Friday, August 3, 2007

Patchy Fog

Gen. Rufus Ingalls is headed home.

Never heard of Rufus Ingalls? Neither had I until we met Pat Fairbairn. Chagrined at the neglect of this important Civil War figure, and drawn to the career of this logistics mastermind, Pat tells the important story of this underappreciated “behind the scenes” hero in the first person. According to Pat, "the Army Of The Potomac commanders would come and go, but Ingalls went on forever, keeping his position through all the changes in high command, and exercising his responsibilities with astonishing energy, resourcefulness, honesty, and extraordinary competence."

Extraordinary Competence? That was sure in short supply. . . just ask Mr. Lincoln.

On August 24, Pat will take the unsung general's story to Ingalls's hometown of Denmark, Maine. "An Evening With Rufus Ingalls" begins at 7:00 pm, at the Denmark Center For The Performing Arts, and is sponsored by the Denmark Historical Society. Pat illuminates some of the challenges of the quarter-mastering trade; shares his experiences with, and views about George McClellan and Ulysses S. Grant; and details the building of the giant Federal Supply Depot at City Point, Va., in June 1864. The supply depot played a crucial role in winning the Siege of Petersburg and defeating Robert E. Lee’s Army of Northern Virginia. Pat adds that the important role of City Point in the Siege of Petersburg is a story rarely mentioned in the volumes of books about the Civil War and much overlooked by historians.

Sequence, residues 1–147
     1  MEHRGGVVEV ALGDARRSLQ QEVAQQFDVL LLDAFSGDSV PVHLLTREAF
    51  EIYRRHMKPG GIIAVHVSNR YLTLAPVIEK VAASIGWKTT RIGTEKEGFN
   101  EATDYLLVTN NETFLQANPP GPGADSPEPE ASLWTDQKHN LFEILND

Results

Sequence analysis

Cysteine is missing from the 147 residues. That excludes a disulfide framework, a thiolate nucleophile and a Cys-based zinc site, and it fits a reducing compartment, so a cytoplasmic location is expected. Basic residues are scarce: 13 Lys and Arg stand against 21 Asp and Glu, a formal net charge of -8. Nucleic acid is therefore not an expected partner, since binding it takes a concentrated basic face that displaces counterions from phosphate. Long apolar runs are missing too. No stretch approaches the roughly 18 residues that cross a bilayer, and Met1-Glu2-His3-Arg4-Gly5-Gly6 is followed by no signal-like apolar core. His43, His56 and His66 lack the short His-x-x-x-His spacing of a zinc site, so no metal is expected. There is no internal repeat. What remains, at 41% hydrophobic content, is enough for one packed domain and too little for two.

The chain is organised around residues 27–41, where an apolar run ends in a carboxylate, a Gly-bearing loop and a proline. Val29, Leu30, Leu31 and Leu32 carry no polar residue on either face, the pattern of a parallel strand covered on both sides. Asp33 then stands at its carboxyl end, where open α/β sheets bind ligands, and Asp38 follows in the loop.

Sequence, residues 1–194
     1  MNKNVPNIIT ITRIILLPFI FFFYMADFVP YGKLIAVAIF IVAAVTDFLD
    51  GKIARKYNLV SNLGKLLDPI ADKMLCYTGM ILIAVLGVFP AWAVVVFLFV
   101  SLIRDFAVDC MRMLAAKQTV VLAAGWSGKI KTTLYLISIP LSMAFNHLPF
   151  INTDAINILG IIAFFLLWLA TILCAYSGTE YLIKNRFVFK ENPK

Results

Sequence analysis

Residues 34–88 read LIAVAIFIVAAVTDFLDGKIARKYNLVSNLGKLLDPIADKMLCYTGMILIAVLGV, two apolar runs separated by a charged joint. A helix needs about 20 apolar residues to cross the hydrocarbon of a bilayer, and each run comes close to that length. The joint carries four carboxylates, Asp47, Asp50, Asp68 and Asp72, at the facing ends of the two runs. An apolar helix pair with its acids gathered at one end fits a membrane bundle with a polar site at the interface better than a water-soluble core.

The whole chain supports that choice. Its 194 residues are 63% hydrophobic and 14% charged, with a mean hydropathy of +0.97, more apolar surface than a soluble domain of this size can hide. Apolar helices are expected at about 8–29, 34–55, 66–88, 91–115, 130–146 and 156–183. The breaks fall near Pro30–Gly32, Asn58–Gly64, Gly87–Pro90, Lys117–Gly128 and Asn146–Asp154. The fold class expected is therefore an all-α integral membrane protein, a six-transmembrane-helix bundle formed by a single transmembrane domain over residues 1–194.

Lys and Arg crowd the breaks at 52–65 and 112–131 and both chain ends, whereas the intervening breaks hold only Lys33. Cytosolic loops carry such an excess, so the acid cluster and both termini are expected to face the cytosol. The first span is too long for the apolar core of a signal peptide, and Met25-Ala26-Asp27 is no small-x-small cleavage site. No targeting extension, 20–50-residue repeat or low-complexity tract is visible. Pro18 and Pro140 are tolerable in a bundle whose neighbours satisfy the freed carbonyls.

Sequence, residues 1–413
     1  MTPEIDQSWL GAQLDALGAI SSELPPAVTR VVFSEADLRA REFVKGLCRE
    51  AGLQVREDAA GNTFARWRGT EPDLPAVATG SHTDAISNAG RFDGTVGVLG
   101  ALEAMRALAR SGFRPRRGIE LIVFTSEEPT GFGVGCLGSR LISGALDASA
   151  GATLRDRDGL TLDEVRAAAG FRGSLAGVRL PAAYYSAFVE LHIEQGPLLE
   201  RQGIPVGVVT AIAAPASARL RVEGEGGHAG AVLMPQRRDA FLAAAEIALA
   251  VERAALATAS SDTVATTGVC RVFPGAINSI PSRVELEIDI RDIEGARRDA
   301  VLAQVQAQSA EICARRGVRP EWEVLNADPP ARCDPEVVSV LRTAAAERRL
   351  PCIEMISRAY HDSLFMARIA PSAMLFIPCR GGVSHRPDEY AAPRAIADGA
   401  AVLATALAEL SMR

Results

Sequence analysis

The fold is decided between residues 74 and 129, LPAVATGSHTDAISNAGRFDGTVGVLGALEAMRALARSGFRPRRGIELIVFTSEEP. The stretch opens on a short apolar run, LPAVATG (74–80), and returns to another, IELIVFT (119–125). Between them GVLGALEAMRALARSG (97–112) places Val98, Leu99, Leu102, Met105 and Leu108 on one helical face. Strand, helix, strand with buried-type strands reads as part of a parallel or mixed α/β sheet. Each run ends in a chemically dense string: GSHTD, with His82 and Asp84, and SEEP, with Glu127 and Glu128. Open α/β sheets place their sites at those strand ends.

And while you are in Maine, stop by Denmark’s newest restaurant, the “Back Burner," and order up their newest mixed drink, a “Rufus Ingalls!"

"But beware," says Pat, "I’m told it’s addictive!"


Great blog on Colorful Kansas. Yes, in the infinite wisdom of our delegates to the 1859 Wyandotte State Constitutional Convention, these Kansas Republicans decided to lop off 250 miles of our western territory and bestow upon Colorado Territory our mountains, gold and silver, beer and Broncos. One second thought not having the Donkeys is a good thing! To be fair, I suppose these men thought it would take multiple generations, if ever, to settle the area between Ft. Riley and Denver. In hindsight, I'm sure most lived long enough to rue their folly as railroads and homesteading quickly spread out on the High Plains following the war. Our Rocky Mountain legacy, however, survives. Denver City bears the name of Kansas Territorial Governor James Denver. A village founded, platted and named by a group of Lecomptonite goldseekers. Keep up your great history website.


DG--Thanks so much for the support, Tim. Visit Mr. Rues at Constitution Hall in Tom's hometown of Lecompton, Kansas, and learn more at

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